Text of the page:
I highly recommend making use of a professional liturgical designer. There are designers who have made it their business to know and understand how a worship space should look and feel. You probably employ the services of an accountant to do your taxes, knowing that their expertise will pay for itself many times over. It is no different with design. The benefits are always obvious. Their knowledge and experience will help you avoid problems by giving you a preview of how it will all come together before you begin.
So the key to success with relocating stained glass into an existing building is finding windows that represent the optimum match of size, style and subject matter. The larger the pool of prospective windows, the greater your chances of finding the perfect fit.
I mentioned that buying old windows is not a way to get stained glass on the cheap. Your window frames are one reason for this. If your church building is 40-years old or more, it most likely features aluminum window frames with only a single pane of glass. Such systems were engineered at a time when heating oil was a nickel a gallon. It is also possible that your buildings windows are made of wood or even steel. If they are handsome or historic, you may want to preserve and restore them as well, to maintain the character of your architecture. So by all means, consult your design professional about frame restoration. If your window frames fall into the category of unremarkable and inefficient, it would make little sense to invest in art and install it into obsolete window frames at the end of their useful lifespan.
So unfortunately, the goal of realizing stained glass in your building may include upgrading your window frames. Your plan was to bring beauty into the worship space has grown to include a major improvement to the building envelope, nearly doubling the overall cost of the project.
Your new frames will include a separate layer of glazing on the exterior. Usually this will be a one-inch thick insulated glass unit consisting of two panes of glass sealed with a space between. The stained glass would be set into a separate glazing track on the interior. Such frames come in a variety of standard finishes. Custom colors are more expensive. While it is possible to employ storefront type commercial frames and add extra moldings onto the frames to hold the stained glass, this is a less satisfactory method. While this may initially seem a thrifty strategy, the labor required to add the extra moldings to hold the stained glass will consume any savings. Even more important, adding the extra moldings makes the divisions between the sections that make up a stained glass window quite thick, visually disrupting the composition. It has been my experience that storefront-type frames turn out to be just as expensive and often cause the stained glass to look bad in the bargain.
There are companies that make window frames of aluminum specifically engineered to hold stained glass and I strongly recommend this option. J. Sussman Incorporated in Jamaica New York is one such company, but there are several others throughout the country.
Who will do all this work? What type of contractor(s) will you need? To be sure, you will need the services of a stained glass studio. Even if you have found windows that are very close to the size and shape of your existing window openings, there will still be a minimum of labor required to adapt the windows for a new setting. You will also need a contractor with experience in the installation of windows. This could be the stained glass studio but if they do not possess this experience, then you will need to hire a glazing contractor. I would hire a local glazing contractor but insist on the specification of stained glass-type frames. I would only allow the substitution of their common store-front framing system if they can demonstrate that the engineering of their product will not result in sight-lines that are visually disruptive to the stained glass. This is where you should rely on the stained glass studio to advocate for the windows and review all engineering drawings for new window frames. Be sure to include coordination with and review of the glazing contractor’s engineering in the stained glass studio’s scope of work.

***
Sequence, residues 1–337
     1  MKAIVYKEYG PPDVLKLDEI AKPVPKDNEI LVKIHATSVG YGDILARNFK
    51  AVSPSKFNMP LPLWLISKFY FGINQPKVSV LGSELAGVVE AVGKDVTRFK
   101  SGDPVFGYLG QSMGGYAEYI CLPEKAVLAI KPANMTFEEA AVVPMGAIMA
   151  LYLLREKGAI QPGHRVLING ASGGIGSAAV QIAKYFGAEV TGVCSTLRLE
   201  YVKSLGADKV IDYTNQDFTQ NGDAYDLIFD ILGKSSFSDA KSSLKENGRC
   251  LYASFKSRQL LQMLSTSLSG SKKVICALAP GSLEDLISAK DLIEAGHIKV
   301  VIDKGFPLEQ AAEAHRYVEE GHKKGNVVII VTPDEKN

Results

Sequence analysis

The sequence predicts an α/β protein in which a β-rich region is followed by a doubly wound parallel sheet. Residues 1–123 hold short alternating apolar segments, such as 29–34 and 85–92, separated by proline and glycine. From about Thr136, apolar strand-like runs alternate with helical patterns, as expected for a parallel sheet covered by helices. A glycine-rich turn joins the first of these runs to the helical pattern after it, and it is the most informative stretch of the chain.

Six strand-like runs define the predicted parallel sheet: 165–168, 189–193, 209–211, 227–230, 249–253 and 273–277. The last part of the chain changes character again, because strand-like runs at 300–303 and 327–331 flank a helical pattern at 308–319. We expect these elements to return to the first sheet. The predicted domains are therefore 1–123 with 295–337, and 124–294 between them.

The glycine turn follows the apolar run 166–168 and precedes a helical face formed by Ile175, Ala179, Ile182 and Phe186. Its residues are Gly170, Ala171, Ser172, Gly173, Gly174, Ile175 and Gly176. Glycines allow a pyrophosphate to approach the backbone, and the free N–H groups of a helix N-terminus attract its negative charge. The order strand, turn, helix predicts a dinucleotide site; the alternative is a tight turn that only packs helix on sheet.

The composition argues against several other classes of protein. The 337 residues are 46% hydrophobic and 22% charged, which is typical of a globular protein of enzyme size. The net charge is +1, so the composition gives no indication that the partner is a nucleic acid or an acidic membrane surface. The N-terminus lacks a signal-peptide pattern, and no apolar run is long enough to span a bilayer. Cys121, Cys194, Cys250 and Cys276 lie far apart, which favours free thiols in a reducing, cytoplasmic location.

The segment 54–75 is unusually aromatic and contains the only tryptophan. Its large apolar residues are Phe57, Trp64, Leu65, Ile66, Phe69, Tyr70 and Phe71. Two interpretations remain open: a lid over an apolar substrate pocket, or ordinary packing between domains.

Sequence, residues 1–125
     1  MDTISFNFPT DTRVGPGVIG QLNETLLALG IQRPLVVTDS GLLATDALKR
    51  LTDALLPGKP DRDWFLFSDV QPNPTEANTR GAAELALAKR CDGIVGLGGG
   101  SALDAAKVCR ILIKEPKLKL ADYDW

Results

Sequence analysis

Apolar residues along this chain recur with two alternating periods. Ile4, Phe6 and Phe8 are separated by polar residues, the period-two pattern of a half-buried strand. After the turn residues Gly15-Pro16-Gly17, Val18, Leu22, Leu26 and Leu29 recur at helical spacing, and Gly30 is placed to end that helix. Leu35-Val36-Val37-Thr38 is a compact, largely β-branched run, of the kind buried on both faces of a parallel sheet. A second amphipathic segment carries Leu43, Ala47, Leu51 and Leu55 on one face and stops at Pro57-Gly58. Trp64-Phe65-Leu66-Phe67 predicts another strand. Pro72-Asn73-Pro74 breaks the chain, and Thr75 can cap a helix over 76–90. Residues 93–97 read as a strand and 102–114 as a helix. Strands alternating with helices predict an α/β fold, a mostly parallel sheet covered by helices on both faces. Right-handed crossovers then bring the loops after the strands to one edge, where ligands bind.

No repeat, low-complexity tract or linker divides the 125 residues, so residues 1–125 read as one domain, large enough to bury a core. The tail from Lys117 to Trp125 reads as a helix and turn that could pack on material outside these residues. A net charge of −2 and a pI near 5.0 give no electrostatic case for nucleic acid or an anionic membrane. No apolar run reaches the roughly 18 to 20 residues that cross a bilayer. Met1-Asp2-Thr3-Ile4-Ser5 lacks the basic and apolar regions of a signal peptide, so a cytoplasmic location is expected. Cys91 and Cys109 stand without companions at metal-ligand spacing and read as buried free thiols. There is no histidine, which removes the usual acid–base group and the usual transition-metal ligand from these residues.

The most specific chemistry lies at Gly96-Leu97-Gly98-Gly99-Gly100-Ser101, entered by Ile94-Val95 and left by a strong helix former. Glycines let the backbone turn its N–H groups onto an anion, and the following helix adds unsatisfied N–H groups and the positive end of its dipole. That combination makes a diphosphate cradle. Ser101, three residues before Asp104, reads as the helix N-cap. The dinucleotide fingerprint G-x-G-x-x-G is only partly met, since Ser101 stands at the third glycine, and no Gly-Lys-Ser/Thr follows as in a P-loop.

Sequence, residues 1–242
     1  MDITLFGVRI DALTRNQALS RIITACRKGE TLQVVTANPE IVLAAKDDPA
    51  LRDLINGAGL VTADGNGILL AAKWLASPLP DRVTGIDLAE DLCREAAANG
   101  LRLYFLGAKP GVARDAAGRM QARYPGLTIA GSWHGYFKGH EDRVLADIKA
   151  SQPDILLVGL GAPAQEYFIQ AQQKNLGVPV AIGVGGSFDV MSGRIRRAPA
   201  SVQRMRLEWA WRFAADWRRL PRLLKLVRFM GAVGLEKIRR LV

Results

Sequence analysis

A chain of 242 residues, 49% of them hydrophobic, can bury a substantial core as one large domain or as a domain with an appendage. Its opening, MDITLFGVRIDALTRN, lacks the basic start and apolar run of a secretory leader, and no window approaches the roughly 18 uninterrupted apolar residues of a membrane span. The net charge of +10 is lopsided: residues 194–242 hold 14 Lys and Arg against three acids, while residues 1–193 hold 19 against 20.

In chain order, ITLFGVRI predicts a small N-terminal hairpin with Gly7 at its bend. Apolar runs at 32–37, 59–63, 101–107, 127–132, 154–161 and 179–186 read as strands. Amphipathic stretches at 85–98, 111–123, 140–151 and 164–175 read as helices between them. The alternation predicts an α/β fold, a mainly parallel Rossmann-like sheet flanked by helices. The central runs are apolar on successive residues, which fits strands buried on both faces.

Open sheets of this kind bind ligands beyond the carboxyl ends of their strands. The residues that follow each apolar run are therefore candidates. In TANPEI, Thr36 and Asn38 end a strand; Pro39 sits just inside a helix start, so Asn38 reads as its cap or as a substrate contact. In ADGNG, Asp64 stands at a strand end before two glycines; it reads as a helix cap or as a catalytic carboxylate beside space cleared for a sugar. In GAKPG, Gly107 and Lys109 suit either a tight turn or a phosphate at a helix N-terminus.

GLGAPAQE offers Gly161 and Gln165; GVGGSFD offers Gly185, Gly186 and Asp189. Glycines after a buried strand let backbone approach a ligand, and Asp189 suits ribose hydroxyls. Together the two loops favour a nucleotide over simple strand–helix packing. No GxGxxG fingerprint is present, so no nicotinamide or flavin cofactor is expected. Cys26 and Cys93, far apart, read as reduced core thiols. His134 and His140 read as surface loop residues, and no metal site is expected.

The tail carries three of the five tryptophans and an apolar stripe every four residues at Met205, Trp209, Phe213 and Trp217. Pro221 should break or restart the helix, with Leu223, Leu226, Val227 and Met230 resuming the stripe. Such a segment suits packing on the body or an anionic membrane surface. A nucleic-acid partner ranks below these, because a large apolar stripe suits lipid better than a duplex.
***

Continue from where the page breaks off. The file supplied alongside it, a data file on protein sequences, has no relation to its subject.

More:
If your project is located in an institutional-type building, such as a school, you will most likely need new frames here too. If you are adding stained glass to a rectory or any residential-type building with double-hung sash windows, then there may be more options available.
There are old stained glass windows from closed rectories and convents in this same format that are available for relocation. It is possible to install stained glass in movable sash windows. The pane of clear glass is removed and the section of stained glass set directly into the sash. This will work for windows up until the 1970’s when residential windows became standardized and pre-made. Contemporary pre-fab residential windows like Pella or Anderson, will not easily accept the addition of stained glass.
I have seen successful projects where the sashes were removed and the outer wood frame adapted to hold stained glass, with a layer of storm glazing installed over the exterior. For this, an experienced carpenter, working closely with the stained glass craftsman, will be a good team.
We have also installed many stained glass windows in light boxes where churches simply did not have a suitable opening in a wall or where knocking holes through walls was impractical. Light boxes are a way to enjoy stained glass where daylight is unavailable. Another useful feature of light boxes is that they can be designed to be movable. Most light boxed are constructed of wood. Simple, unadorned functionality may be inexpensive but fine cabinetry, like any good craftsmanship, will be costly. Three important features that every light box must include are the following:
1) Full-spectrum lighting. this is essential to show all the colors without blank spots in the range of visible light. We prefer simple florescent fixtures because they are readily available, now and in the future. Avoid high-tech, such as LED lighting.